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Phenotypic plasticity to chronic cold exposure in two species of Peromyscus from different environments

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Abstract

Effective thermoregulation is important for mammals, particularly those that remain winter-active. Adjustments in thermoregulatory capacity in response to chronic cold can improve capacities for metabolic heat production (cold-induced maximal oxygen consumption, \({\dot{\text{V}}\text{O}}_{{2}} {\text{max}}\)), minimize rates of heat loss (thermal conductance), or both. This can be challenging for animals living in chronically colder habitats where necessary resources (i.e., food, O2) for metabolic heat production are limited. Here we used lowland native white-footed mice (Peromyscus leucopus) and highland deer mice (P. maniculatus) native to 4300 m, to test the hypothesis that small winter-active mammals have evolved distinct cold acclimation responses to tailor their thermal physiology based on the energetic demands of their environment. We found that both species increased their \({\dot{\text{V}}\text{O}}_{{2}} {\text{max}}\) after cold acclimation, associated with increases in brown adipose tissue mass and expression of uncoupling protein 1. They also broadened their thermoneutral zone to include lower ambient temperatures. This was accompanied by an increase in basal metabolic rate but only in white-footed mice, and neither species adjusted thermal conductance. Unique to highland deer mice was a mild hypothermia as ambient temperatures decreased, which reduced the gradient for heat loss, possibly to save energy in the chronically cold high alpine. These results highlight that thermal acclimation involves coordinated plasticity of numerous traits and suggest that small, winter-active mammals may adjust different aspects of their physiology in response to changing temperatures to best suit their energetic and thermoregulatory needs.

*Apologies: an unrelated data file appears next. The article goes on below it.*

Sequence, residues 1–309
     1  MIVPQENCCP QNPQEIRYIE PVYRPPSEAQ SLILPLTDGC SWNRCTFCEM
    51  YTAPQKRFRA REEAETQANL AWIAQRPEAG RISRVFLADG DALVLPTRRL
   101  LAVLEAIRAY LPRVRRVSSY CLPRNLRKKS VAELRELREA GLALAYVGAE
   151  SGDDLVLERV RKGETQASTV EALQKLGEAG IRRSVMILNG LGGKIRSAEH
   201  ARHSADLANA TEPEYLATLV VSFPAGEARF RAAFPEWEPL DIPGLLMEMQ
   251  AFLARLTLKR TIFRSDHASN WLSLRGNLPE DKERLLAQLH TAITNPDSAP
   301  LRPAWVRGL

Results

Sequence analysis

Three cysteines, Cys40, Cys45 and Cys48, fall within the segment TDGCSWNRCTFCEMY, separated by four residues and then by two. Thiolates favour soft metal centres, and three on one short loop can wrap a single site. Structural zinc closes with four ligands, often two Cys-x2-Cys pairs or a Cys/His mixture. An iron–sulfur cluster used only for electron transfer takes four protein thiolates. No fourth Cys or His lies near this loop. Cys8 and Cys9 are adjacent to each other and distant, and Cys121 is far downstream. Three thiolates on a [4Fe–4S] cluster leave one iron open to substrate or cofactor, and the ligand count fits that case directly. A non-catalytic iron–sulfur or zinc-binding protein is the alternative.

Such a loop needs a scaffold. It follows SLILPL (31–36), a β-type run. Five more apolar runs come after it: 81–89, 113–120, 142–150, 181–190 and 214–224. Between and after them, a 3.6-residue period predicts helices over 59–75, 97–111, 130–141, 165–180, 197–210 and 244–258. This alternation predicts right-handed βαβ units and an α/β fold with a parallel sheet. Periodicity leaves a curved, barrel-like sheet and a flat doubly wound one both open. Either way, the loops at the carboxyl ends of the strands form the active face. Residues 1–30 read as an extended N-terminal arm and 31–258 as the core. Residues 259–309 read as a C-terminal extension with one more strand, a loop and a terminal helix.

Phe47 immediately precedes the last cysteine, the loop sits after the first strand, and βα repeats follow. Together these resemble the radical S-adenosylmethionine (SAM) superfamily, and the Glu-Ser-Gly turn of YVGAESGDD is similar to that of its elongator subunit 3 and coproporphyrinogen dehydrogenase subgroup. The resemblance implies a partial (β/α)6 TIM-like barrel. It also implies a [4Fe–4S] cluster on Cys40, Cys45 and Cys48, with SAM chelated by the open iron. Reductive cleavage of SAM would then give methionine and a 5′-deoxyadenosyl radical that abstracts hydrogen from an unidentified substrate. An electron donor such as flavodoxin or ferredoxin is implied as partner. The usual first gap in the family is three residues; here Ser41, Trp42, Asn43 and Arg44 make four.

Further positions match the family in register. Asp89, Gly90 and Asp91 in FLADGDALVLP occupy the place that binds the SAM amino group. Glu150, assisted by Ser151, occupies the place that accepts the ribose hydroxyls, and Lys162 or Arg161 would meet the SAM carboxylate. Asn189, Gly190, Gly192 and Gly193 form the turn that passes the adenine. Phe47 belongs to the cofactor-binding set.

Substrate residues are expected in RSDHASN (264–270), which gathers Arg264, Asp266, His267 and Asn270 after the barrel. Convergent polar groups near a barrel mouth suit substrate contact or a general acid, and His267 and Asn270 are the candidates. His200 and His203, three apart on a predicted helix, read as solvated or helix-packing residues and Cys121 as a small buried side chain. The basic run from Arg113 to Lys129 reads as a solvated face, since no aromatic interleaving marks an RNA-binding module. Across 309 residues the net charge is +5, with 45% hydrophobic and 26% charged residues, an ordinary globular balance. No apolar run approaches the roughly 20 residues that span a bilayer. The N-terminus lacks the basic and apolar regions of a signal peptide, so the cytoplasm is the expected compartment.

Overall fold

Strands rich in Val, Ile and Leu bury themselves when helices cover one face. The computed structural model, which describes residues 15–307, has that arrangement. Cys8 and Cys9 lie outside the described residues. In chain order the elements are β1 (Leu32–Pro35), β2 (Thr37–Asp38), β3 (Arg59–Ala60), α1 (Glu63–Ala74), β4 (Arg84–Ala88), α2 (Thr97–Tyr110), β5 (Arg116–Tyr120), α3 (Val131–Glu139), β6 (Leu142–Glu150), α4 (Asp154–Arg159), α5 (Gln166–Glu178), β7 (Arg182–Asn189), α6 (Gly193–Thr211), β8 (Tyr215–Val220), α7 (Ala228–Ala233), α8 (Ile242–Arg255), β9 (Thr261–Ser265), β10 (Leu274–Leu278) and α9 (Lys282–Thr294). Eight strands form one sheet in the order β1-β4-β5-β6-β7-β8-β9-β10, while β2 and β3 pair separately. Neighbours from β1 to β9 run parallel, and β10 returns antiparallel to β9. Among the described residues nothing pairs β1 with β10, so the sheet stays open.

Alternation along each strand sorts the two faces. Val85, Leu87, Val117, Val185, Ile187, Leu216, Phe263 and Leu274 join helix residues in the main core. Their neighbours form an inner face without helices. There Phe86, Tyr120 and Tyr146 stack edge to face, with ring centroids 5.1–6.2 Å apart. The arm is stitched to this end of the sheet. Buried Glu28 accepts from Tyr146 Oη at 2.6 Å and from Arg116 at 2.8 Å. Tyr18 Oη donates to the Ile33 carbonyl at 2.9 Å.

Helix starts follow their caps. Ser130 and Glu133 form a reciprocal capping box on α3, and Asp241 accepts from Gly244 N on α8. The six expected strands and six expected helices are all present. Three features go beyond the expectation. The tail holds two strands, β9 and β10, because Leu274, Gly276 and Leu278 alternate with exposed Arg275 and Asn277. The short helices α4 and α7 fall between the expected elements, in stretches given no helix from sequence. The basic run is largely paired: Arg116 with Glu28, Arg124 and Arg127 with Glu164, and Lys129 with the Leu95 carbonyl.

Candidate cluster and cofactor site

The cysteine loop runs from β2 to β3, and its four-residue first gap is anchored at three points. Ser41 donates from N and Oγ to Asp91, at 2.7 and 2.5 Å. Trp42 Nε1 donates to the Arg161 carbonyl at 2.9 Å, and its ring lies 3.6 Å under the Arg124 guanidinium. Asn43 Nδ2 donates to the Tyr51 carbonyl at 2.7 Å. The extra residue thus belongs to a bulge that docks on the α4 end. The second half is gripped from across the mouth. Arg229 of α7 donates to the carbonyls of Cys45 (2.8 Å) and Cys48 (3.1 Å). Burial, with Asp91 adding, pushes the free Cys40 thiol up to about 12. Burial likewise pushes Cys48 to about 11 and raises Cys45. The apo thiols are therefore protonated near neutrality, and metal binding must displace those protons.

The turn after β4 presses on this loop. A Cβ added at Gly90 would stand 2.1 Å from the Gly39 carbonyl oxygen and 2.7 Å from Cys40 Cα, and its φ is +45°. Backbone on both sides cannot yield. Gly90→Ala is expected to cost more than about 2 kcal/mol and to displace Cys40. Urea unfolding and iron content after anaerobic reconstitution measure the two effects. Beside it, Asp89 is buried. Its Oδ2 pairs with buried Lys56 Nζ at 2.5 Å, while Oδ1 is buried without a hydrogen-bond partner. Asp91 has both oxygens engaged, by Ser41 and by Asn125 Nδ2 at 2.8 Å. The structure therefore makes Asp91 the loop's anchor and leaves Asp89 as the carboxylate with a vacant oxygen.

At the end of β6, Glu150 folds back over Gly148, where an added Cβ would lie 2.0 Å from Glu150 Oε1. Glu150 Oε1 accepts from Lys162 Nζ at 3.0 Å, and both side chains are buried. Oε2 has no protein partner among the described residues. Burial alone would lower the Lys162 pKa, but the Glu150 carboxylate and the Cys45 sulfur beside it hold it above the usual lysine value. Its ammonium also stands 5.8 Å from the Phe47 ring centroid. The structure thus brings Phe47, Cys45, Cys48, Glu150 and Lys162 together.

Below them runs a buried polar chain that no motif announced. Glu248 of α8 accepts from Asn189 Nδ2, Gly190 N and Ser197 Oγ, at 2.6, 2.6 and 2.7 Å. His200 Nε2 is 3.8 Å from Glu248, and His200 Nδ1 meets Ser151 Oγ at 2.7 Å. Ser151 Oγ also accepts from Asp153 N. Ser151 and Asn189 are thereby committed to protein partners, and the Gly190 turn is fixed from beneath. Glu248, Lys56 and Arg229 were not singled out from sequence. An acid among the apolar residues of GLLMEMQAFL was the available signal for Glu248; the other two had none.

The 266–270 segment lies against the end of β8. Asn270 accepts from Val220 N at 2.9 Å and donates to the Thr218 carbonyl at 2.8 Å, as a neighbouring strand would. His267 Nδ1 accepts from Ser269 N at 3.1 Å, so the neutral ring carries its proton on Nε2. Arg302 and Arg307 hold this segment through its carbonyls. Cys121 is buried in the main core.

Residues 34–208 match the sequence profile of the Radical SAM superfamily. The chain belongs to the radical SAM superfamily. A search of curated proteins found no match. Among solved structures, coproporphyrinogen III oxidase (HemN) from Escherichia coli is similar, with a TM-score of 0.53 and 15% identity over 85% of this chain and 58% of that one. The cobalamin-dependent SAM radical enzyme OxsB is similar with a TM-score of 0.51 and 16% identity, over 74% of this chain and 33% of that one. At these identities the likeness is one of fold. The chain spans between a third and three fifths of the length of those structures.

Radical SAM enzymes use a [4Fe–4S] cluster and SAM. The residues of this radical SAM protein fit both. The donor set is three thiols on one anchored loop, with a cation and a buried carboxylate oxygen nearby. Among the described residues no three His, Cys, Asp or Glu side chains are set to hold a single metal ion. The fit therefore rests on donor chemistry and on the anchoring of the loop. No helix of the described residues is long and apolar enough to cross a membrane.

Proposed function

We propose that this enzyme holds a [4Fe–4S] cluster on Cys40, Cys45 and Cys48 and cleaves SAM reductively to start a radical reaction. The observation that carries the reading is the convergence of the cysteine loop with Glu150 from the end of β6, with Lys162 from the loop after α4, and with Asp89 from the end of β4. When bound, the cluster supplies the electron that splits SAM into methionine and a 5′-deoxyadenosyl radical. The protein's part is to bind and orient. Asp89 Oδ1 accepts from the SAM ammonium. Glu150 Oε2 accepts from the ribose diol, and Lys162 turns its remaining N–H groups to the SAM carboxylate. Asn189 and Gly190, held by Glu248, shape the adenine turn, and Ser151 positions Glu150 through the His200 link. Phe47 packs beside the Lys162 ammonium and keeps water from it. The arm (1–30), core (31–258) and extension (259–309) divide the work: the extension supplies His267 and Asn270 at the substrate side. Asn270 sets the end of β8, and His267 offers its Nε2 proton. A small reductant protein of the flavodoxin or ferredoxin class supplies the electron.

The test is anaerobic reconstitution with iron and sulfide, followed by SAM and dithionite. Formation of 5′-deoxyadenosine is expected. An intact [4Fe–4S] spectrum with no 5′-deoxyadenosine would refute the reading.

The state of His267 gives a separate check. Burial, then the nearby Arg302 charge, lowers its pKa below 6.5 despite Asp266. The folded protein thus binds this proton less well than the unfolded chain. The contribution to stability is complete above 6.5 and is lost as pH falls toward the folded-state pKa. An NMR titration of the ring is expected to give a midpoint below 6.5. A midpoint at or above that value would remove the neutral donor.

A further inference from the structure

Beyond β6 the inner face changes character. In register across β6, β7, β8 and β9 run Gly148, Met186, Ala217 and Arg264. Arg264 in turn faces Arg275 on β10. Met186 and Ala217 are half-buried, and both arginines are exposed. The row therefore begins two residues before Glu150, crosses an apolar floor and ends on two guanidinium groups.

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Funding

This research was funded by a Natural Science and Engineering Research Council of Canada (NSERC) Discovery Grant to G.B.M. G.B.M. was also a recipient of an NSERC Discovery Accelerator grant. C.E.R. was the recipient of a NSERC postgraduate scholarship.

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Correspondence to Grant B. McClelland.

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Communicated by G. Heldmaier.

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Hayward, L., Robertson, C.E. & McClelland, G.B. Phenotypic plasticity to chronic cold exposure in two species of Peromyscus from different environments. J Comp Physiol B 192, 335–348 (2022). https://doi.org/10.1007/s00360-021-01423-4

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